Worth the Read: Sales Solutions from Venture Capitalists

Originally Posted on May 2, 2013 on the Force Management blog.

Money Windfall

There are many organizations backed by venture capitalists that are clamoring to be leaders in their respective industry. We’ve worked with many in the high-tech space. Whether it’s articulating value and differentiation, hiring top sales talent or implementing an effective sales process, start-ups have unique challenges.

As the driving force behind these new businesses, venture capitalist firms are looking to create consistency, build on best-practices and drive results for their investments.

I like the way they think.

That’s why I often find myself reading some of their great insight in the blogosphere. Here are some of the most interesting posts I’ve come across recently. They’re too good not to share.

Use their tips. Read my thoughts. Share your own.

They’re worth the read.
1.  7 Tips to Ditch Bad Business Processes

As Mike Myatt points out, “One of the ways successful companies gain a competitive advantage is through creating process advantage.” I completely agree with his focus on mindset as a tip. Mindset is important and can be fully leveraged with a parallel focus on tools, process and content.

I partially disagree with is his “no Band-Aids” tip. While I agree that bubble gum and bailing wire are best used elsewhere, the reality of most fast-paced environments is that occasionally a Band-Aid on a minor boo-boo (comp plans) is a smart plan. The Band-Aid can allow you to focus your efforts on the double-bypass heart surgery (value-based sales methodology).
2.  The VC World Returns to Its Operating Roots

Ben Horowitz comments on the background of VCs today resonated both because we work with so many VC-backed technology firms, and because our clients also feel like they can get great advice from Force Management because we have been down the same paths they have.

My only ‘tweak’ to the comment is that uniformity can be a crutch. If everyone on the team has the exact same background, you can easily miss out on the great insights that come from seeing a problem/solution in one environment and utilizing that same solution for a problem in a whole new area. Our 100-pound brain, Dave Davies, talks about “pattern recognition” as one of the critical skills for great consultants. It can be just as effective for those who are dealing with the growing pains of a new venture.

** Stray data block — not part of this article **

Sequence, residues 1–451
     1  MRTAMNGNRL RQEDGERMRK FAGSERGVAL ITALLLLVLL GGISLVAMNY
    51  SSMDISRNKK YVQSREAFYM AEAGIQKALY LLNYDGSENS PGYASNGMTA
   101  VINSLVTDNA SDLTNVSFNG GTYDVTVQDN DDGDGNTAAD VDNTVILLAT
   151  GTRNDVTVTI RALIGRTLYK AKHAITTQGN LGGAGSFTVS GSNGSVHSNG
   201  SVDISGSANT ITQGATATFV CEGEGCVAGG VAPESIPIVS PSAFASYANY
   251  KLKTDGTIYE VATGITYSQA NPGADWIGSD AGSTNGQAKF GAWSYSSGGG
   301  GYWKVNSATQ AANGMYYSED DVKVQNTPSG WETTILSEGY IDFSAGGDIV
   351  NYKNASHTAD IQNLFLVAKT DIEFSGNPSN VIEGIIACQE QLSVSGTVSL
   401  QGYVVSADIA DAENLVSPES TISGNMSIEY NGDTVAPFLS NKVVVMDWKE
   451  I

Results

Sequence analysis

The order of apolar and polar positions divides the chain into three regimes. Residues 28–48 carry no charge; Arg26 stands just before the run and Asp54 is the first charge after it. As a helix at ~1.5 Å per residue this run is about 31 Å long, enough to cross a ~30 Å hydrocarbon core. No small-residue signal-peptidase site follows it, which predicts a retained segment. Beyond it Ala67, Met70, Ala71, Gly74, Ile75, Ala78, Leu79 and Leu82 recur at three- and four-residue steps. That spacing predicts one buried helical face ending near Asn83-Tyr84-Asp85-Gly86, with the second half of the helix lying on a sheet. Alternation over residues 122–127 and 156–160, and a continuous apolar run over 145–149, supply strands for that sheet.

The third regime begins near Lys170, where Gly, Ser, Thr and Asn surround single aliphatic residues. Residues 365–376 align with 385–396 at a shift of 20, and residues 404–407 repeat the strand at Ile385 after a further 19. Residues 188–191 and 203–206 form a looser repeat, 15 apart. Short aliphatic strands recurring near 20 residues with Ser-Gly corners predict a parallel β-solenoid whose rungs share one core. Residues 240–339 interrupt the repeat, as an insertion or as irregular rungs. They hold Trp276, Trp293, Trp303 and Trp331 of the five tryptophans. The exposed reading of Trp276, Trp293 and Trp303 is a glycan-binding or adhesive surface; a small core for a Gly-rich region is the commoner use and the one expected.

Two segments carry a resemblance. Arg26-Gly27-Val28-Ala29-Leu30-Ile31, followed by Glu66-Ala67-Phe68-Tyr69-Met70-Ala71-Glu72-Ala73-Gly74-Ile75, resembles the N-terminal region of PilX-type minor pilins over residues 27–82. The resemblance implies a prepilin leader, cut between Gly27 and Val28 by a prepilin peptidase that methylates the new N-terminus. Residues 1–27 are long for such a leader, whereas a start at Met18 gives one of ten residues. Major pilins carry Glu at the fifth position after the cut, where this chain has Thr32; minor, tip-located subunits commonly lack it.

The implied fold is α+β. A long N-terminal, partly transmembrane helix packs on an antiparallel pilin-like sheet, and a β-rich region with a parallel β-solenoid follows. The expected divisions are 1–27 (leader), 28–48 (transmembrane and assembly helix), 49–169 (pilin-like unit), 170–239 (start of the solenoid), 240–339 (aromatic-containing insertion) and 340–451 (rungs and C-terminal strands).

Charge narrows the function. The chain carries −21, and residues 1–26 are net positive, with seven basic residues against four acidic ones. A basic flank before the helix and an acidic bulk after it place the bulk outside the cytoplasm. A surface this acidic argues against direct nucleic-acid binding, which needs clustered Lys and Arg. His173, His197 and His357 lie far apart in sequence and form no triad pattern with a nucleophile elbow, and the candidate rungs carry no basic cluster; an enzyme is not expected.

3.  Through the Looking Glass: Hiring Sales People

Here’s another one from Ben Horowitz. The story about Mark Cranney is priceless … even more so since I have met him in person and can believe it is all true. To take Ben’s conclusion one step further, focus on a whole sales talent management system, like RSA did with us. You might also take a look at Force Management’s Cost of a Bad Hire Calculator to see how big your problem might be.
4.  Is Customer Segmentation the Key to Your B2B Website’s Success?

This post reminded me of how a few Force Management customers have literally recreated their website based on the sales messaging created during their Command of the Message® implementation. MarketSource is one of the more recent.

 

Tom Martin, Executive Director of Operations

Tom Martin is a 20+ year veteran of the sales methodology and training industry. He has a diverse set of global experience with sales (direct, indirect and inside), channel management, marketing, SFA/CRM, consulting, finance, legal, training, systems and operations. He serves as Force Management’s Executive Director of Operations

Walking your talk, drinking your Kool-Aid®, and making sure the cobblers kids have shoes

Since this blog is intended for owners, employees and contractors of sales training firms I will assume you work with one.  I will also assume that your firm has sales training workshops and consulting designed to help salespeople sell better.

If your product fits the management consulting / professional services market (where sales training firms fall), then there is really no excuse for you and your entire firm to not be using your own methodologies.

That said, I have been astounded, perplexed, and mind-boggled for years that so many sales training salespeople don’t completely use the “stuff” they are selling.

Now I am not saying that if you have a “Whiz Bang Opportunity Planner” (the Whiz Banger) form as part of your Whiz Bang v. 13 Opportunity Management class that your salespeople need to complete one for every sale – you should be just like your clients, Continue reading